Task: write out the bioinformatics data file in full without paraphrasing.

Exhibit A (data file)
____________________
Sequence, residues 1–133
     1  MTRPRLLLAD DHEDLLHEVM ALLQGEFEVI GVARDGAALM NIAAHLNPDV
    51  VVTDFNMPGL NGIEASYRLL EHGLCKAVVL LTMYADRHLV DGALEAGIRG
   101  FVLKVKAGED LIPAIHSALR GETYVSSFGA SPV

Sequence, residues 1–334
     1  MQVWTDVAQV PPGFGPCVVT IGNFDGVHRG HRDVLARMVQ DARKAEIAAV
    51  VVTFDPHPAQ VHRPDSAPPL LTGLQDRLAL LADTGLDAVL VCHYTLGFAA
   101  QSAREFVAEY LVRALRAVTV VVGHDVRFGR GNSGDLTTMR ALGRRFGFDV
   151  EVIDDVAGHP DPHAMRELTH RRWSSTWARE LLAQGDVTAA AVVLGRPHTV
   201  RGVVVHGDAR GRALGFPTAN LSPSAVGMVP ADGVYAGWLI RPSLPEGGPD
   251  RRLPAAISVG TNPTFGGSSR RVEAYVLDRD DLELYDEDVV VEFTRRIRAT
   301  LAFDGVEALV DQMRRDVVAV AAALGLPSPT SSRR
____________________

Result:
Sequence, residues 1–133
     1  MTRPRLLLAD DHEDLLHEVM ALLQGEFEVI GVARDGAALM NIAAHLNPDV
    51  VVTDFNMPGL NGIEASYRLL EHGLCKAVVL LTMYADRHLV DGALEAGIRG
   101  FVLKVKAGED LIPAIHSALR GETYVSSFGA SPV

Sequence, residues 1–334
     1  MQVWTDVAQV PPGFGPCVVT IGNFDGVHRG HRDVLARMVQ DARKAEIAAV
    51  VVTFDPHPAQ VHRPDSAPPL LTGLQDRLAL LADTGLDAVL VCHYTLGFAA
   101  QSAREFVAEY LVRALRAVTV VVGHDVRFGR GNSGDLTTMR ALGRRFGFDV
   151  EVIDDVAGHP DPHAMRELTH RRWSSTWARE LLAQGDVTAA AVVLGRPHTV
   201  RGVVVHGDAR GRALGFPTAN LSPSAVGMVP ADGVYAGWLI RPSLPEGGPD
   251  RRLPAAISVG TNPTFGGSSR RVEAYVLDRD DLELYDEDVV VEFTRRIRAT
   301  LAFDGVEALV DQMRRDVVAV AAALGLPSPT SSRR